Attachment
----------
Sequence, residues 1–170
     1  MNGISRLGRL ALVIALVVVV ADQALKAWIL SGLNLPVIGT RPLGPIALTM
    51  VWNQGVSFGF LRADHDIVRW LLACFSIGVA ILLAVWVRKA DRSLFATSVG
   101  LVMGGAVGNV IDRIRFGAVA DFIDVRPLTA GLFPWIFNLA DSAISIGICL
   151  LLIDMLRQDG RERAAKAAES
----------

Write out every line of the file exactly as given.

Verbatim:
Sequence, residues 1–170
     1  MNGISRLGRL ALVIALVVVV ADQALKAWIL SGLNLPVIGT RPLGPIALTM
    51  VWNQGVSFGF LRADHDIVRW LLACFSIGVA ILLAVWVRKA DRSLFATSVG
   101  LVMGGAVGNV IDRIRFGAVA DFIDVRPLTA GLFPWIFNLA DSAISIGICL
   151  LLIDMLRQDG RERAAKAAES